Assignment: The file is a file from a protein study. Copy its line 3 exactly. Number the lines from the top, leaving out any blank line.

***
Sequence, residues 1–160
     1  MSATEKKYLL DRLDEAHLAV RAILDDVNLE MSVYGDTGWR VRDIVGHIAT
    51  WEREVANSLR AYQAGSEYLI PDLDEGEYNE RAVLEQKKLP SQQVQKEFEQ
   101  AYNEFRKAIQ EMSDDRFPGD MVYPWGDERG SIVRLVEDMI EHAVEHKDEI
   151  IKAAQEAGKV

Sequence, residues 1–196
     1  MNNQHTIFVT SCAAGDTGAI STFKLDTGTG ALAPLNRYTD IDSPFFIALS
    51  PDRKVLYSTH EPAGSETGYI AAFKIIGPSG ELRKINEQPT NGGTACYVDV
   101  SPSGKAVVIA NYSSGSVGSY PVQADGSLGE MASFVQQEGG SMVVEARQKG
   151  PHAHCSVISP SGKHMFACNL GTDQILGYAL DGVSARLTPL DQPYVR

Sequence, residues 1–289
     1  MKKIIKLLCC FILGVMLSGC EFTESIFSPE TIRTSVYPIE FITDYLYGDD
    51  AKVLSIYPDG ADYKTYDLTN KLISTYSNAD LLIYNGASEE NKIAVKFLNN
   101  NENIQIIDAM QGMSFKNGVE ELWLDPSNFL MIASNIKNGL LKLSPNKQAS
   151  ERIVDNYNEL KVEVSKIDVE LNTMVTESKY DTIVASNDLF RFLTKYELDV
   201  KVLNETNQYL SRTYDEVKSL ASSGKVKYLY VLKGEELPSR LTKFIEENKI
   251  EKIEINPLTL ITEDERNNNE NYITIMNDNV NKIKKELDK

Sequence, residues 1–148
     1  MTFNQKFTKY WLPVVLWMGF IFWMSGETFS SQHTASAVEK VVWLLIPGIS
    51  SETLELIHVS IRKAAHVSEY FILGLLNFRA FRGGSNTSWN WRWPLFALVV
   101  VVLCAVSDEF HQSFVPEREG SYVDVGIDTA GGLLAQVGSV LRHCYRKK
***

    51  WEREVANSLR AYQAGSEYLI PDLDEGEYNE RAVLEQKKLP SQQVQKEFEQ